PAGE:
Dell: Shhh, don't tell a soul, but the PC sector ISN'T doomed...
Let's ditch these shareholders, shall we?
HPC blog Dell’s move to take itself private has the tech world buzzing. There’s a lot of talk about the motives behind the deal. Some say Dell is doing it to escape the quarterly visit to the Wall Street meat grinder, where either you meet (or exceed) their expectations or get ground into a fine slurry. Going private frees Dell of public reporting requirements and gives it more latitude to acquire, divest, or otherwise remodel the business.
Others say that Dell (the guy) and his partners from the financial industry (Silver Lake, plus others) want to buy the company so they can chop it up and part it out. Along the way, they’ll cut costs to the bone so that they can milk every bit of excess cash into their money pails.
We might well see Dell (the company) realign and reset its strategy – but I don’t see Michael Dell savagely pillaging the company that still bears his name.
I also don’t see Microsoft having much influence in Private Dell. Sure, it kicked in $2bn, but it’s a loan; unless Redmond gets board seats, Microsoft isn’t going to be driving the Dell bus.
Value and the perception of value is the real reason behind Dell becoming Private Dell. Here’s a look at Dell’s revenue over the past five years. Note the big dip in 2010 – ouch. But also note that revenue in 2012 at $62.2bn is marginally higher than the $61.1bn it registered in 2008.
So Dell has maintained essentially flat revenue during a worldwide recession, and while PC sales and margins are falling. During this period, it has also acquired lots of companies both large and small. This tends to boost revenue but can be a drag on earnings due to integration expenses. But it doesn’t look like this has had much of an effect on Dell’s earnings, as we’ll see on the next chart.
Here’s a look at three different flavours of Dell earnings. The largest is Gross Income, the amount of money left over after you’ve sold stuff and paid for the costs that are directly connected to getting the products placed with customers. Dell’s gross income was $11.6bn in 2008, dipping down to $9.5bn in the 2010 trough, but rising to $14bn in 2012. So Dell managed to increase gross income by more than 20 per cent during a period when revenue was flat – not bad.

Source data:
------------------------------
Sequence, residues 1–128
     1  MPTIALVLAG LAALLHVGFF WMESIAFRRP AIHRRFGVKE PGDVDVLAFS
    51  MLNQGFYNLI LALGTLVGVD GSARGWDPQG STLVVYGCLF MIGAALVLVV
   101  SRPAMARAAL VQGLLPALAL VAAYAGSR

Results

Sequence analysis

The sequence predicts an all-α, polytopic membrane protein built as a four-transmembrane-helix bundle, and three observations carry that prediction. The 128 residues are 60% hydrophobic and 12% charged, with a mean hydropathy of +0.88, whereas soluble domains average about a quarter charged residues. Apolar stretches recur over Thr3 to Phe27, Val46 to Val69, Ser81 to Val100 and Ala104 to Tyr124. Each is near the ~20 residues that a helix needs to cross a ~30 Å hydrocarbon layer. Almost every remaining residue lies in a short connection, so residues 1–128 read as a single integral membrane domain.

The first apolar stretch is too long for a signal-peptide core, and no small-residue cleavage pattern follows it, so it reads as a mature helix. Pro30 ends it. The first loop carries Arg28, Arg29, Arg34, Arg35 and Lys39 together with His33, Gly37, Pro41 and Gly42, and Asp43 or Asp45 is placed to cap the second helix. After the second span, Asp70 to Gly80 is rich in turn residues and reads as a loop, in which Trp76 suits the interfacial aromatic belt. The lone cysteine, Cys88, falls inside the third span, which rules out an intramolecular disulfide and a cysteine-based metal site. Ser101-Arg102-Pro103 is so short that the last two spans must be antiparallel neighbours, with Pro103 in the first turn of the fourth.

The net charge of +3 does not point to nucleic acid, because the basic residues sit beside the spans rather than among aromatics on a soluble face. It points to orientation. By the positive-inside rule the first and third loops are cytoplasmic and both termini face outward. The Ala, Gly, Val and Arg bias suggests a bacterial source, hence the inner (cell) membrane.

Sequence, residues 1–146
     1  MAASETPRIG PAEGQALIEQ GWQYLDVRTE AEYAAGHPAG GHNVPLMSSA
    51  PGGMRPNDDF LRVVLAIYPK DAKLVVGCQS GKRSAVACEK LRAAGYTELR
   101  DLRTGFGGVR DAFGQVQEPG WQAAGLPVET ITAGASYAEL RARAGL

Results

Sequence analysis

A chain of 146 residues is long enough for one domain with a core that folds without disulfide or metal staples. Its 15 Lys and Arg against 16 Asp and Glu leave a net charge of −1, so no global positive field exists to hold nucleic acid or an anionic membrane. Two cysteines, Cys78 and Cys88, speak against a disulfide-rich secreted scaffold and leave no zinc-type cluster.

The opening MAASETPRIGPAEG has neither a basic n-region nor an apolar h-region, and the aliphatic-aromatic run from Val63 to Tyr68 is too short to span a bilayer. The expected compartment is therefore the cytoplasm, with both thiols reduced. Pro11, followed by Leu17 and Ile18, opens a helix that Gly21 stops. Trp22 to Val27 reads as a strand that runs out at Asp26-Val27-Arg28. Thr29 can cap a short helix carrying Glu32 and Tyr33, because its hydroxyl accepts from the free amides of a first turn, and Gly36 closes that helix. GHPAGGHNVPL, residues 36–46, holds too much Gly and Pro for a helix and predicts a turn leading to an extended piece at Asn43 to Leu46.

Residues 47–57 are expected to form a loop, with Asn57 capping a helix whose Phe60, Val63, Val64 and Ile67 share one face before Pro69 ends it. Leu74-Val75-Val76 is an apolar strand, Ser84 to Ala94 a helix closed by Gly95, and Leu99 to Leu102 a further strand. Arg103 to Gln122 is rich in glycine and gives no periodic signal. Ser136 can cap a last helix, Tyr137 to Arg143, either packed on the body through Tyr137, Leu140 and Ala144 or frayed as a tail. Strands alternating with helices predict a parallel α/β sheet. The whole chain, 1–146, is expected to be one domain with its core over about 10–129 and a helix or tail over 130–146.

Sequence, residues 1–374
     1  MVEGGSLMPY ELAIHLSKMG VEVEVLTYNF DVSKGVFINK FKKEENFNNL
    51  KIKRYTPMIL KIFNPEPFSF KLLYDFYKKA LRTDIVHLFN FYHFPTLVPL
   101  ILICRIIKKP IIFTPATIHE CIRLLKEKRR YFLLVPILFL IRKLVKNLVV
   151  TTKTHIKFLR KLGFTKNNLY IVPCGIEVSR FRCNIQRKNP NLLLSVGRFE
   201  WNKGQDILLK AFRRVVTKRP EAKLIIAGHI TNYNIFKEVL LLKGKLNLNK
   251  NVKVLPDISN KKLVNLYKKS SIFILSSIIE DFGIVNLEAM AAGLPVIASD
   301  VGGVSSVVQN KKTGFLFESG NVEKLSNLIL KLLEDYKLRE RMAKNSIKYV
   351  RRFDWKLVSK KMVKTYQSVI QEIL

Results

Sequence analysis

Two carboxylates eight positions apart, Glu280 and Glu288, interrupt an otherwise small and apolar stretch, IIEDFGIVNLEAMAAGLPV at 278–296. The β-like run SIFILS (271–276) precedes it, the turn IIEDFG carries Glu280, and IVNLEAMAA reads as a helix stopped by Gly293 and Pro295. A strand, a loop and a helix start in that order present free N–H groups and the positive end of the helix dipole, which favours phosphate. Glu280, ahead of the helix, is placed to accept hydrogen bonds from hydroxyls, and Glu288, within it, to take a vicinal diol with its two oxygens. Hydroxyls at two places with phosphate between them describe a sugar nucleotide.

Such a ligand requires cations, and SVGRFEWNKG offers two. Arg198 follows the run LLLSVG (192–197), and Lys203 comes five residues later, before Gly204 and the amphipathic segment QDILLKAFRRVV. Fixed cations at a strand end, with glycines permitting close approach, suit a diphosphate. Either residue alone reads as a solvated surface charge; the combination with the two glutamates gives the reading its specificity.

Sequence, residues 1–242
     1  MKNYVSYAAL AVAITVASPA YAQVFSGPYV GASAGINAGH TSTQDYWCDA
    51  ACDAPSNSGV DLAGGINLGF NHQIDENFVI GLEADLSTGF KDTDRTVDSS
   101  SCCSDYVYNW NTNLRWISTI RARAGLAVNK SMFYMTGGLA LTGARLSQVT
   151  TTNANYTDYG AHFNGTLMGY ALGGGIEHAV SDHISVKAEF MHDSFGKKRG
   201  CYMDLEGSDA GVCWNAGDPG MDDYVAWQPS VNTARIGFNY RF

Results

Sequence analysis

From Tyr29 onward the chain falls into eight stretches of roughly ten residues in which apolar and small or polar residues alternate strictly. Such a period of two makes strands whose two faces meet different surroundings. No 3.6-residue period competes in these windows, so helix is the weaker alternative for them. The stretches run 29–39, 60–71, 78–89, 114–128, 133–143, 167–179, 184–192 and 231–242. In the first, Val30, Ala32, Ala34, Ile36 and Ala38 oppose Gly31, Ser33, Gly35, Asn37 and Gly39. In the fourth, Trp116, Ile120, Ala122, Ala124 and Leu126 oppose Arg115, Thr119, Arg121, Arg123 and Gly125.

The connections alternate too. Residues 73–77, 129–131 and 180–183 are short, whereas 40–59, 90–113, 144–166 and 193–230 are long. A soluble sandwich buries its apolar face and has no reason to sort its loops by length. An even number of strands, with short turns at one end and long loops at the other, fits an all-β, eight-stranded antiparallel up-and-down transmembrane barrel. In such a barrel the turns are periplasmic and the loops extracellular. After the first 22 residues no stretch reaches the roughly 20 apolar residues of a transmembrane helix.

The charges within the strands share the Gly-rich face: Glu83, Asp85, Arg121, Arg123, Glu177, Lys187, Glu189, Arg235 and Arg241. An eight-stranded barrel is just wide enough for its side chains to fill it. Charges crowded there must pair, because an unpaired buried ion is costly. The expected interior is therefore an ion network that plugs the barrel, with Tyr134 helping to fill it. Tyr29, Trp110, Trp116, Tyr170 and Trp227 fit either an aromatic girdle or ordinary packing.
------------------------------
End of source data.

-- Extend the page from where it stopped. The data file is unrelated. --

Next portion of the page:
We see the same pattern in Net Income and Pre-Tax Income. Both of these numbers drop in 2010 but then rise again in 2012 by about the same amount. Dell’s net income was $2.95bn in 2008 and $3.5bn in 2012 – an increase of 18.6 per cent. That ain’t bad at all.
What happened to Dell’s stock price during this period? It was a round trip, closing at $10.24 per share on the last trading day of 2008 and hitting $10.14 the last trading day of 2012. Dell doesn’t pay dividends, so the only return that investors will see is appreciation in their stock price.
Even with Dell (the company and the guy) increasing net income almost 20 per cent in an environment where revenue is flat, the company lost 30 per cent of its value from end of 2011 to the end of 2012. Michael Dell and his partners believe the company is significantly undervalued, and that taking it private is the best way to unlock that value.
Are they correct? Yeah, they probably are. The stock market, particularly with tech stocks, is notoriously fickle and slavishly follows conventional wisdom. Right now, conventional wisdom says that anything associated with PCs is doomed, doomed, DOOMED, and if your products aren’t the fastest-growing entries in the fastest-growing market segment, then your company is a total piece of crap and obviously fit only for the trash heap of history. This view is, to put it charitably, stupid.
Don’t get me wrong. I’m not trying to make the argument that Dell is the best computer company ever. It isn’t. But on the other hand, Dell is profitable, has rising revenues, and tends to be a powerful competitor in the small and mid-sized enterprise segment. If it can put together a solid slate of enterprise products and services, it has a good shot at increasing its share.
There are many investors rolling in money because they invested in unglamorous, but profitable, businesses. Investors in the Dell deal might fall into that category, particularly if they can make the company stronger during the company’s private time, and then re-IPO Dell a few years down the road. ®
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